Archaeology Magazine - Maya Caves of West-Central Belize: Barton Creek Cave: Update 3 - Archaeology Magazine Archive

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Barton Creek Cave: Update 3 "Maya Caves of West-Central Belize"
September 27, 2000
by Vanessa Mirro and Mike Mirro

End of the Season

The investigations of Barton Creek during the 2000 season revealed many new insights about the use of caves by the Maya, as well as confirming many others. One of the most important discoveries was a hearth that contained the charred remains of ears of corn and various other botanical remains. There were fragments of ten ears of corn in the hearth, and although most of them were completely carbonized, some still showed evidence of husks, stems, and leaves. There were other artifacts associated with the hearth feature: a crude biface that may have served as an agricultural implement, a small olla, and fragments of two Late Classic ceramic dishes. We believe this offering may have been associated with an agricultural fertility ritual.


Another interesting assemblage of artifacts and features was discovered on a small ledge above the cave stream. Here we uncovered the remains of a necklace comprised of perforated animal phalanges (toe bones), one of which was carved in the form of a seated figure. These were found in a mound of looter's backdirt--soil that the looter dug out of a small niche in the cave wall. A long, narrow, chipped-stone knife, known as a laurel-leaf point, was found on the floor of this chamber in front of a small natural platform littered with ceramic material. The absence of human remains in this area suggests that, rather than being used for human sacrifice, this tool may have adorned the head of a staff as seen in many depictions in Maya artwork.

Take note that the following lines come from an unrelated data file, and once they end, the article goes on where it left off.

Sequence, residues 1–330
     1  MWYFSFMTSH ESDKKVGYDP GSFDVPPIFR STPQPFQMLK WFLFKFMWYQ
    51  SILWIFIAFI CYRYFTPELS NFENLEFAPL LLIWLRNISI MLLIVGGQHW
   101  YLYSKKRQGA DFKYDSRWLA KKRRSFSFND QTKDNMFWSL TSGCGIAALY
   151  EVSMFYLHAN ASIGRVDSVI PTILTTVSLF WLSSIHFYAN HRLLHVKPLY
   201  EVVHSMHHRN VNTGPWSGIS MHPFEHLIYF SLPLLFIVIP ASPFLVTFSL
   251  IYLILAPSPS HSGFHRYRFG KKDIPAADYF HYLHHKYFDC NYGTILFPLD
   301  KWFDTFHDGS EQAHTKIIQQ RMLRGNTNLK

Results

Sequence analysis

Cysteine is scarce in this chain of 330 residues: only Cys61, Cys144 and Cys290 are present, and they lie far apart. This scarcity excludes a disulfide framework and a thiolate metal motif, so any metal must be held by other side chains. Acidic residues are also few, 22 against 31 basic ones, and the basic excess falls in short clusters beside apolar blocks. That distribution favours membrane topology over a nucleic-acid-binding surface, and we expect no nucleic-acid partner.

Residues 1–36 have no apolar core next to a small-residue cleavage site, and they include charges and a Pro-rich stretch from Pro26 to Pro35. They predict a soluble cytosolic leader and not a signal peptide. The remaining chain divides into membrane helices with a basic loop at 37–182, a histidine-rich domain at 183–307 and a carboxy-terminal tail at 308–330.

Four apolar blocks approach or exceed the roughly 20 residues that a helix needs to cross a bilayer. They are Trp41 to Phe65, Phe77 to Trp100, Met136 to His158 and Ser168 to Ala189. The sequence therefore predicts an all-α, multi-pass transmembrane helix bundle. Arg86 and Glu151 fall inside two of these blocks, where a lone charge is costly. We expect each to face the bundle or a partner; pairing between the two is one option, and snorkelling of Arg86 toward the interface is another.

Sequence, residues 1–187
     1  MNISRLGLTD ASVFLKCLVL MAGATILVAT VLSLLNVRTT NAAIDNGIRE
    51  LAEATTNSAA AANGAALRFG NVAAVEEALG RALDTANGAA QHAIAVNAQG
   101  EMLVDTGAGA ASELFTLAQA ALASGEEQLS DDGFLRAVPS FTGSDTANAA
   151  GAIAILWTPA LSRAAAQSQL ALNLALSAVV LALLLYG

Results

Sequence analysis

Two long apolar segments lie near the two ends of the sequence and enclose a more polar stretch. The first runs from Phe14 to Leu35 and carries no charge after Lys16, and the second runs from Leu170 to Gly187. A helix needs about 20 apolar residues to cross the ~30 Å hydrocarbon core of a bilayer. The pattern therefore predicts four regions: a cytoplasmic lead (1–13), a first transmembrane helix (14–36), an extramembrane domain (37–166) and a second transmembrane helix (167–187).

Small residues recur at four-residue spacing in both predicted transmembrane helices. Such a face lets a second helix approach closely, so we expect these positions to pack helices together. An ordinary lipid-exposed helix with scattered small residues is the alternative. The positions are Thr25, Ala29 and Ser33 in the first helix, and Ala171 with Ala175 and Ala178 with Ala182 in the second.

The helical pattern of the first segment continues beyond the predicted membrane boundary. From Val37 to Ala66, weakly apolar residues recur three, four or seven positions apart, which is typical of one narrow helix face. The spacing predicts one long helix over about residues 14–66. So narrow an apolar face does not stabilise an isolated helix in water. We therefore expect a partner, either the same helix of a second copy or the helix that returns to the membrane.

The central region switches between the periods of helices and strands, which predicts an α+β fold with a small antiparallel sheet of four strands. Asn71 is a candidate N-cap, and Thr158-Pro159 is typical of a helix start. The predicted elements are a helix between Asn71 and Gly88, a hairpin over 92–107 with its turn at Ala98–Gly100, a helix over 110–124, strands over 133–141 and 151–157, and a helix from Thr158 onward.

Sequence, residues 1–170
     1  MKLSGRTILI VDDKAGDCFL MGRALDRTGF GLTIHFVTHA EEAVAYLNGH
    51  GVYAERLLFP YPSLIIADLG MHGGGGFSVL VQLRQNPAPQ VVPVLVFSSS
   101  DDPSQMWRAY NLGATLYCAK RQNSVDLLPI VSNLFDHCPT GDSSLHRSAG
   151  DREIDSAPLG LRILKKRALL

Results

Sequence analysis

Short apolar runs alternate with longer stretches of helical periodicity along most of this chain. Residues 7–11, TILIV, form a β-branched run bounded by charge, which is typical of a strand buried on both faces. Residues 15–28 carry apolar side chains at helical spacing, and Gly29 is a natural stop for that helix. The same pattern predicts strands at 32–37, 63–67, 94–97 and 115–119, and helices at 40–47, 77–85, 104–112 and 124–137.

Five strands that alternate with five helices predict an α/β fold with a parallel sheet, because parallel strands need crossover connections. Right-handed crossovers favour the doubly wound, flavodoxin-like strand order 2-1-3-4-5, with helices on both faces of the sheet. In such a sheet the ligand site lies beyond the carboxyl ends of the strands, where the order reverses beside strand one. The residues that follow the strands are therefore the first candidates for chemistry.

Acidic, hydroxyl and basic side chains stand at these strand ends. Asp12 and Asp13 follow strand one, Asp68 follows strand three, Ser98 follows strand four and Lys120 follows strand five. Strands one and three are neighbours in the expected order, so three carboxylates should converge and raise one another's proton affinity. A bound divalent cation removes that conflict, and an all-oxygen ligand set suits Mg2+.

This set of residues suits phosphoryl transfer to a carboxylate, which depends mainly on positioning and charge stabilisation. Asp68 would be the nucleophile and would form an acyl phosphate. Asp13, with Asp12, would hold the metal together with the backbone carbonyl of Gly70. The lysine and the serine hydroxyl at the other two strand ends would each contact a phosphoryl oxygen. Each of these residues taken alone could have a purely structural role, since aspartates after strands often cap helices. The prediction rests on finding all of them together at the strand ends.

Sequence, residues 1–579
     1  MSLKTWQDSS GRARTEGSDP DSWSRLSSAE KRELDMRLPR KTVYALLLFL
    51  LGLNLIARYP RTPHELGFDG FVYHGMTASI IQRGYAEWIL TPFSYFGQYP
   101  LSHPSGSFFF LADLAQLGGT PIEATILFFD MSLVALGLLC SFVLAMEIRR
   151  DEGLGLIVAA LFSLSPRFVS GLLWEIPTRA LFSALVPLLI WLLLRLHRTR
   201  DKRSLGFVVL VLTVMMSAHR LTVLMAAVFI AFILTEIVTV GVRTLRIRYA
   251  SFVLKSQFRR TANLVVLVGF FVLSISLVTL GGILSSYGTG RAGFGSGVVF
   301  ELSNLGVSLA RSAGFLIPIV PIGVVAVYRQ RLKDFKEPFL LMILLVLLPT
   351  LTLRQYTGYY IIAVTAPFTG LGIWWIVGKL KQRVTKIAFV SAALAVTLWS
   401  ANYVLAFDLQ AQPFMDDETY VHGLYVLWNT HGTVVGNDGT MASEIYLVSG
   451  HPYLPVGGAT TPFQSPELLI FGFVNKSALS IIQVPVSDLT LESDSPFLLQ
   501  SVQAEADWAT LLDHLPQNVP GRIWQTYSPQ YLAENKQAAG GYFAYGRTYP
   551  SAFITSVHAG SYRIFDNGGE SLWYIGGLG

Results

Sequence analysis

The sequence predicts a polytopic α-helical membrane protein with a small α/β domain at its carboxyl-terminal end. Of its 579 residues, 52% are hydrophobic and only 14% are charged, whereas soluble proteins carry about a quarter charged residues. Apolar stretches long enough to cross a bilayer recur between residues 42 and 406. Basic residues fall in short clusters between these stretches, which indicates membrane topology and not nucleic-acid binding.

Left, an olla, covered with red dripstone, cached in an alcove

Preliminary investigations of the skeletal remains in Barton Creek Cave suggest that a minimum number of 28 individuals were placed in the cave. These individuals ranged in age from young children to old adults. Very few grave offerings or ritual paraphernalia were found in direct association with these individuals. This conforms to the predominant lack of grave goods with individuals found in other caves in the area. It is important to note that looters may have stolen artifacts that were associated with skeletal remains in it.

A cursory analysis of the ceramics from the cave suggest that it was being utilized from the Early Classic period through the Late Classic (approximately A.D. 300-900). Evidence of ancient Maya activity in Barton Creek cave can be found in the entrance and as distant as 1000 feet within the cavern. In the small mounds near the entrance of the cave the ceramics dated from the Preclassic period to the Late Classic. Our preliminary investigations suggest that, despite the fact that the area was seemingly a prime habitation spot because of the alluvial soils and close proximity to water, the cave was not actively and intensely used until the Early Classic period.

Right, preliminary ceramic analysis in the cave


Vanessa Mirro climbs a cable ladder in Barton Creek Cave.

July 17 | Barton Creek Intro